Matt Nalett

Matt Nalett

“Years ago, I drove Über and I drove Lyft and there was a year where a lot of rideshare drivers were getting carjacked. I kept finding them all over the place with the Über or Lyft logos still on while I was working, usually dumped in empty lots.”

“I kept calling 911 and telling them there was a suspicious auto to come check out. I later found out almost every single one of these cars had been stolen. I had to post the pictures somewhere where people could find these cars.”

“Even though it’s a crime against property, it’s still taking away peoples’ livelihoods. They need that vehicle for their jobs and their kids and for everyday life. So that was the beginning of the Chicago Stolen Car Directory.”

“I’ve seen it happen where a person had their car stolen and they lost their job because they couldn’t get back and forth to work. I’ve seen cases where people can’t take their kids to day care because they don’t have car seats anymore.”

“Car thefts are low priority for the police, too. But the way I see it, it’s one less stolen car causing chaos around the city, being used to rob people or steal catalytic converters. They do that all the time and then dump the car somewhere. And you know, someone really needs that car. Those thieves don’t.”

“At this point, I’ve seen cargo vans get stolen, old cars get stolen, new cars get stolen. I’ve seen everything and there’s really no discrimination. Anywhere you live, they’re going to come and steal your car if they want. The thieves don’t care.”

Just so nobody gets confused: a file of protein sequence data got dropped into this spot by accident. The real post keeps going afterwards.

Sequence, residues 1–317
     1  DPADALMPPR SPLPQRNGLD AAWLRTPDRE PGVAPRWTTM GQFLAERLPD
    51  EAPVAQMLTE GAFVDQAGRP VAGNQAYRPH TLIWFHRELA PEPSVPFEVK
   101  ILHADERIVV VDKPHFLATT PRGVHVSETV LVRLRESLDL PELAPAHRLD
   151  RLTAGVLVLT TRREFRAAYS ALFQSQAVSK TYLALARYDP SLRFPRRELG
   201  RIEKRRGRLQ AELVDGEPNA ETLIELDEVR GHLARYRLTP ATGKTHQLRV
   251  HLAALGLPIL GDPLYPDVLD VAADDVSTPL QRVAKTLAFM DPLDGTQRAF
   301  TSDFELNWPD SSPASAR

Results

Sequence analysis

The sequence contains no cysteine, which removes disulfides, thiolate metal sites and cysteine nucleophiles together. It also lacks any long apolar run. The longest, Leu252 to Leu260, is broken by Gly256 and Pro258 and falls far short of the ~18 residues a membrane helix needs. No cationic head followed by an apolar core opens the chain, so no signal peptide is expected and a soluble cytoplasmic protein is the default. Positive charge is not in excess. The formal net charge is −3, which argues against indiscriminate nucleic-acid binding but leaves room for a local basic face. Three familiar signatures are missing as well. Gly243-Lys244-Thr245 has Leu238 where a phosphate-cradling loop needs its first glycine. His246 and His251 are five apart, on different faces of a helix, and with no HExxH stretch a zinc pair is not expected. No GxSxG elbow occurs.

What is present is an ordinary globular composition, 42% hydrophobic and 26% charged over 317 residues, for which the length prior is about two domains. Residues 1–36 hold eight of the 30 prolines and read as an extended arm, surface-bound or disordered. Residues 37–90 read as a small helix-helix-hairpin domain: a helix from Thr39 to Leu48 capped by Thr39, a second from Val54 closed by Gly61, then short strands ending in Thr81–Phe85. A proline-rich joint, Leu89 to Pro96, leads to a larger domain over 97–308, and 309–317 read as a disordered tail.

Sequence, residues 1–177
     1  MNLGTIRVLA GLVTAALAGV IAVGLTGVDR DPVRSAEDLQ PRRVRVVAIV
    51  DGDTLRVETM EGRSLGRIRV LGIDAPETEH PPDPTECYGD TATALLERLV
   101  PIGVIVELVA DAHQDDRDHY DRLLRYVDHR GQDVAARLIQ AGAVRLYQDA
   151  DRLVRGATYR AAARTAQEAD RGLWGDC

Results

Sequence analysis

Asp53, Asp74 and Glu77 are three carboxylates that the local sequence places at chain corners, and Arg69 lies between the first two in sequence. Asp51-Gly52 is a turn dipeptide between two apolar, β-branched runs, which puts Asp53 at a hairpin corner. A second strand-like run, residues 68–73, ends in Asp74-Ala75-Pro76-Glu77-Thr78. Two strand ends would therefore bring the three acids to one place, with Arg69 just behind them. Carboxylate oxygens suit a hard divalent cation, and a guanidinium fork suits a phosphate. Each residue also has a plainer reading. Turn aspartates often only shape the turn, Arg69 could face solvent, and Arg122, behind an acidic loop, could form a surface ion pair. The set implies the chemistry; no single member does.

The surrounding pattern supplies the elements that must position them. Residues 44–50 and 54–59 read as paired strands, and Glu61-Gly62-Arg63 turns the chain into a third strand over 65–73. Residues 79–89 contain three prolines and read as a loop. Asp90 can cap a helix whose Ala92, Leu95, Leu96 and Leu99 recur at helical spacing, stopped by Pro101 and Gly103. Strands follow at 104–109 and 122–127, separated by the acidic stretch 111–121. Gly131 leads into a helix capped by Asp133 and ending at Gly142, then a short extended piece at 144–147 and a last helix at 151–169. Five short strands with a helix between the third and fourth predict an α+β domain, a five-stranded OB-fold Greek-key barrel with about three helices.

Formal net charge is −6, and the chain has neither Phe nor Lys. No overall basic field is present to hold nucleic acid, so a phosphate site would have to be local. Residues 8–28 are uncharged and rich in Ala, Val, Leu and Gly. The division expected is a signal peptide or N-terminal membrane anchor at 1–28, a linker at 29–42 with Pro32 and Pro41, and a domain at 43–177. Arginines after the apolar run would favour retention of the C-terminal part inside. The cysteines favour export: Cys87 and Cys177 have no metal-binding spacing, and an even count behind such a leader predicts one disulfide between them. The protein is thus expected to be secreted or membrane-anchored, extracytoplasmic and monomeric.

“Now you’ve gotta think: ‘Okay, I don’t have a car anymore. I gotta readjust my schedule. I gotta try and call an Über or cab to get to work.’ Or you’ve got to try to figure out how to get a rental car and God knows how long you’re gonna keep shelling out money on that every week. It just changes your whole life around.”

“I see it nearly every day, and every car has a different story behind it. Some are stolen from peoples’ houses. Others are taken from gas stations while still running or sometimes the thieves will just shoot someone and then steal their car. Use it to commit other crimes like stealing catalytic converters or another shooting or robbery.”

“They’re making money off the car, too. They’re not just joy riding. Some try to flip the cars.”

“Even if the car is returned, it’s still susceptible to being stolen again because the ignition’s already been popped, and the back windows are usually still broken. I’ve seen a car stolen at least four times, same block. The driver then has to change their plate number, get new plates, fix their window and fix their ignition column.”

“During the pandemic, somebody posted a video showing kids how to steal a Kia or Hyundai real quick as part of some social media challenge and since then, it’s like every other car stolen is a Kia or Hyundai. I’ve been seeing more young kids doing it, too. The youngest I caught with a stolen car was just 14.”

“If you want to slow down people trying to steal your car, add preventive measures to your vehicle. You’ll want to get aftermarket security. It can be anything as cheap as a steering wheel lock or an alarm system like Compustar or Viper.”

“You can also go to a stereo or alarm shop and have them put a hidden kill switch in your vehicle so only you can turn it on or get an aftermarket GPS installed in your car to track it. That’ll slow them down at least. It won’t necessarily prevent your car being stolen but it’ll slow them down.”

Matt Nalett
Founder, Chicago Stolen Car Directory
Chicago, Illinois

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